The current study has investigated the justifications, expected outcomes, and impacts on total consumption of EGM reduction policies in Italy and Finland. In both countries, EGM numbers in non-casino locations have been reduced in recent years by approximately one-third. Availability reductions may enhance consumer protection in gambling, but the reductions need to be well-targeted and significant. EGMs are amongst the most harmful forms of gambling and reducing total consumption on EGM gambling and exposure to EGMs in non-casino locations is therefore an important public health intervention. According to the availability theory and total consumption theory, limiting availability should translate into reduced total consumption and therefore reduced harms [4, 14, 15].
According to the data presented in this study, the reductions put in place in Italy and at least in the first months in Finland have not translated proportionally into total consumption. This finding might indicate that the availability theory is not valid, but as evidence from EGM shutdowns during COVID-19, as well as stricter regional reductions in Italy have shown, it is more likely that the reductions in the Finnish and Italian cases have not been significant enough. Criticism of the extent of reductions was also voiced in the media material in both countries. Initially, media discussions in both countries departed from the total removal of all non-casino EGMs but ended in a compromise of more limited reductions. This also limited the extent of public health benefits.
First, in Italy reductions have targeted less profitable machines. One reason for this may reside in revenue interests. In Italy, the state even increased its EGM revenue during the reductions following a tax reform. Targeting less profitable machines may be the case in Finland as well. As discussed above, representatives of the resale network also argued that only the least profitable machines would be removed, similarly to the case of Italy. The Finnish media analysis further suggests that the important revenue interests of resellers and beneficiaries (4000 in total) may have had an impact on how reductions were accomplished.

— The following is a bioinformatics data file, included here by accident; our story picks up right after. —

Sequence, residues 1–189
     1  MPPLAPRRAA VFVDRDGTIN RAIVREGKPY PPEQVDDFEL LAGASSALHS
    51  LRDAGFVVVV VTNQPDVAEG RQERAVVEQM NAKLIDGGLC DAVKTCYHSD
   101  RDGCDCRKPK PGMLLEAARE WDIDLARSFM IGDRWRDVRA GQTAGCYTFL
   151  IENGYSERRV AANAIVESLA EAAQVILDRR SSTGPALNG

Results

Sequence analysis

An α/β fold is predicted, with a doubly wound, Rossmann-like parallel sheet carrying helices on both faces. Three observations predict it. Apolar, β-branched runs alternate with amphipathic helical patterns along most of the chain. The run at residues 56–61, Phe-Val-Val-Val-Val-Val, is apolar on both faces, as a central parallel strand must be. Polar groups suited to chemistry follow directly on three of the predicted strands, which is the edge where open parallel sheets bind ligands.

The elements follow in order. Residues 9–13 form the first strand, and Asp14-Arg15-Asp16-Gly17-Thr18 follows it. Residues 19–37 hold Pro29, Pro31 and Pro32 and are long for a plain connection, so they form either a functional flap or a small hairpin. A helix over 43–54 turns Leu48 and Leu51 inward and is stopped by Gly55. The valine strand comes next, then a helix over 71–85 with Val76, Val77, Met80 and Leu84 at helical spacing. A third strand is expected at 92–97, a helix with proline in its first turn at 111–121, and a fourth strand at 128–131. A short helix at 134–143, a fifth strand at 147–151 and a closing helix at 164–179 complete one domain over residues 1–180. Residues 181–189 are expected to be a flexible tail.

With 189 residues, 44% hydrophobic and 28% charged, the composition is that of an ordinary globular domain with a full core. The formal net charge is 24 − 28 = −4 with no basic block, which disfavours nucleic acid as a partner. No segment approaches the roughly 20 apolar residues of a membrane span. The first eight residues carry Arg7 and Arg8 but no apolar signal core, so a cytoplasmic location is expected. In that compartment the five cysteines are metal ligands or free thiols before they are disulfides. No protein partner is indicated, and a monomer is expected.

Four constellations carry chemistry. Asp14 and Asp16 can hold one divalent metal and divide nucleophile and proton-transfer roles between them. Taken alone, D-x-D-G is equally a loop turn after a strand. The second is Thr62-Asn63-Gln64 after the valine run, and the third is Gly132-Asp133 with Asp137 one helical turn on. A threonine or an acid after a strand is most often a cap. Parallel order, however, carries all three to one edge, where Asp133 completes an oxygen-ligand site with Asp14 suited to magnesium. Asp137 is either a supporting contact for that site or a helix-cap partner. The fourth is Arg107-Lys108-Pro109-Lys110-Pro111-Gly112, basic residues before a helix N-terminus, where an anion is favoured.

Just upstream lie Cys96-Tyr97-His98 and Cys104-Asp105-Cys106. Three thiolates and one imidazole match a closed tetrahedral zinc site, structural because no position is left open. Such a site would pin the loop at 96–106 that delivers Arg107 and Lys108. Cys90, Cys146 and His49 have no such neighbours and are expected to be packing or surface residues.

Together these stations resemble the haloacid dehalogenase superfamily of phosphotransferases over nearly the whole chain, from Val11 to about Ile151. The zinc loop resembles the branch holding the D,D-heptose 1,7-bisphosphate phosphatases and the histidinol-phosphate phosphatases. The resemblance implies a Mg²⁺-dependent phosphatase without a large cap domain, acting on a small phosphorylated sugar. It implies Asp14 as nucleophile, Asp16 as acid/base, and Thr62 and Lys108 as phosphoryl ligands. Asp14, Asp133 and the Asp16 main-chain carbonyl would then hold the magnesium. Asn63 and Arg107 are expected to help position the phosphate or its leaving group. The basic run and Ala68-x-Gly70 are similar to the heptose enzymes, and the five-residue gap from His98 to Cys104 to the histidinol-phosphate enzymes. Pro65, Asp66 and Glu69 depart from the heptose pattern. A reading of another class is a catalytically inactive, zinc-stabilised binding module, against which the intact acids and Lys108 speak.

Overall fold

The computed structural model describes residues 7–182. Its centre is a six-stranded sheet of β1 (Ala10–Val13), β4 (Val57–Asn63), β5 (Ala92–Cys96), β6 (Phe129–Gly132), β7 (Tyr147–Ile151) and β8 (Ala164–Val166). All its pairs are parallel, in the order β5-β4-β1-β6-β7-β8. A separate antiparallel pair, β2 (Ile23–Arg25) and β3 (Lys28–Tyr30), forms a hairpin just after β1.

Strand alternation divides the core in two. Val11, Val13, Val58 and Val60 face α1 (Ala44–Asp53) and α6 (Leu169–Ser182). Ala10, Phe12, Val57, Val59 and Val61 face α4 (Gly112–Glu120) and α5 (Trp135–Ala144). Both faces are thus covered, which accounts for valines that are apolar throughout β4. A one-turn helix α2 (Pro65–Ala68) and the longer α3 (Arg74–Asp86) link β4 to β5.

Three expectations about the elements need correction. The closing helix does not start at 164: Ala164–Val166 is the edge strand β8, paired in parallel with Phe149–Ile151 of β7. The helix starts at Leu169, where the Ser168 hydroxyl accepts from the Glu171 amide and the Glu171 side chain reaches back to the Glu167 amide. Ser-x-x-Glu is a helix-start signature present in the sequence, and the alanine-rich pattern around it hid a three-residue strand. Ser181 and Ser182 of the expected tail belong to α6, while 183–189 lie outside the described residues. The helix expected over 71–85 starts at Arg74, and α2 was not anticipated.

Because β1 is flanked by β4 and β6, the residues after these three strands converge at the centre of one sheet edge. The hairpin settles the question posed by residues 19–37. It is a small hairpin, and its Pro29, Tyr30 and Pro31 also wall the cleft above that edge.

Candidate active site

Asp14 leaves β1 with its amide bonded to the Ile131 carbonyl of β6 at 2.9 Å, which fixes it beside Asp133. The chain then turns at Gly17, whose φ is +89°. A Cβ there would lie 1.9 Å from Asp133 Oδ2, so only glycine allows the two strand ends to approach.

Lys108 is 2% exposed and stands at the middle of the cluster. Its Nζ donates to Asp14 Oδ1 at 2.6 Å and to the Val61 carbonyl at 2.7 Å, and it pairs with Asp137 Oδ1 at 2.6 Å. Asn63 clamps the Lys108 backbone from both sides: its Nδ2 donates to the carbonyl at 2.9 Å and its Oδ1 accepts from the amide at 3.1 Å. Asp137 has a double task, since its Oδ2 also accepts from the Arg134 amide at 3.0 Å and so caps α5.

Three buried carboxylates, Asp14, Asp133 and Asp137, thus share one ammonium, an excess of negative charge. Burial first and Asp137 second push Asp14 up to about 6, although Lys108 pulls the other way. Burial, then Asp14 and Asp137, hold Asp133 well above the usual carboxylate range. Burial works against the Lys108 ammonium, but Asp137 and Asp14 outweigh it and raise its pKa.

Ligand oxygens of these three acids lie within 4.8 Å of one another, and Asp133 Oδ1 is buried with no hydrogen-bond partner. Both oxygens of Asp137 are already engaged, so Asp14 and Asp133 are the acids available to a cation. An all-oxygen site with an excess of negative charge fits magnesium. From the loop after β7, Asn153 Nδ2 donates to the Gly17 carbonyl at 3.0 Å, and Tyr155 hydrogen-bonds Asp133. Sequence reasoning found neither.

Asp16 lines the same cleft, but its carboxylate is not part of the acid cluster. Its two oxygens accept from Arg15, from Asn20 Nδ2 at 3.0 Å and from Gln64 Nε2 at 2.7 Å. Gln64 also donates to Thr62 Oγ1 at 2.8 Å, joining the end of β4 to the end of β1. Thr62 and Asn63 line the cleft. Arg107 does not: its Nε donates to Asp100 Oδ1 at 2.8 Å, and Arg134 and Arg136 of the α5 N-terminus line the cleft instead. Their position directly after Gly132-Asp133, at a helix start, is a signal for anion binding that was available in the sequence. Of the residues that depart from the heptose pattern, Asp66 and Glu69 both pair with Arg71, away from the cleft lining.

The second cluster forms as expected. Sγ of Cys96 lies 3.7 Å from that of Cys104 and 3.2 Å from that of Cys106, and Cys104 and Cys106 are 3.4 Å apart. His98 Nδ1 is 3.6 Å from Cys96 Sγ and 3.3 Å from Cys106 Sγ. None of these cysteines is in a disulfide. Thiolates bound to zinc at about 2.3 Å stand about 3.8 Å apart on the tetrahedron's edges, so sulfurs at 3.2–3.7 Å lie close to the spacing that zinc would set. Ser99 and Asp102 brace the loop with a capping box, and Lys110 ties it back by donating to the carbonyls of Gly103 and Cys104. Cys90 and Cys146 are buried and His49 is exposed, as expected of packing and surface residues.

Second, the reduction in the number of EGMs may not have been significant enough. In the Finnish case, due to data issues we could only analyse the first 2 months of reductions, translating into a decrease of only 5% in machine numbers. However, according to an interview with a Veikkaus representative from 2018, the use rate of EGMs has been only 30% (MTV, 16.8.2019). As the reductions have been targeted at reducing the number of machines in locations that already had a high number of EGMs, the usage rate of the remaining machines may simply increase while no impact will be visible in terms of total consumption. With a usage rate of only 30%, even the anticipated reduction of 43% in the number of EGMs may not have been enough. In Italy, reductions only targeted AWPs and not the more addictive VLTs, the number of which increased during the reduction period.
Third, the number of EGMs alone does not appear to be as relevant as the number of resale points. In Italy, by imposing a minimum distance from sensitive places, reductions also targeted gambling locations. In Finland, the number of locations was not targeted in the policy and exposure to EGMs remained similar in public environments, following the criticism and revenue concerns of the resale network according to the media analysis. No minimum distance from sensitive locations was discussed.
EGMs form a significant part of consumption by problem gamblers in the contexts studied. Public health concerns were also highlighted as justifications in the media discussions on EGM reductions in both countries, albeit alongside concerns about financial results and profits. The media analysis shows that while stricter regulations on the EGM market are initially suggested, the more industry-friendly but less dramatic proposals in the end appeared to be accepted in both countries. This may be due to either lessened public interest but also industry influence. If gambling is to be considered a public health issue, these commercial determinants of health should be addressed . Effective reductions of EGMs inevitably impact company revenue and their monetary contribution to societies. EGMs are purposely designed to be addictive . Limiting access to them is therefore necessary if public health is to be advanced .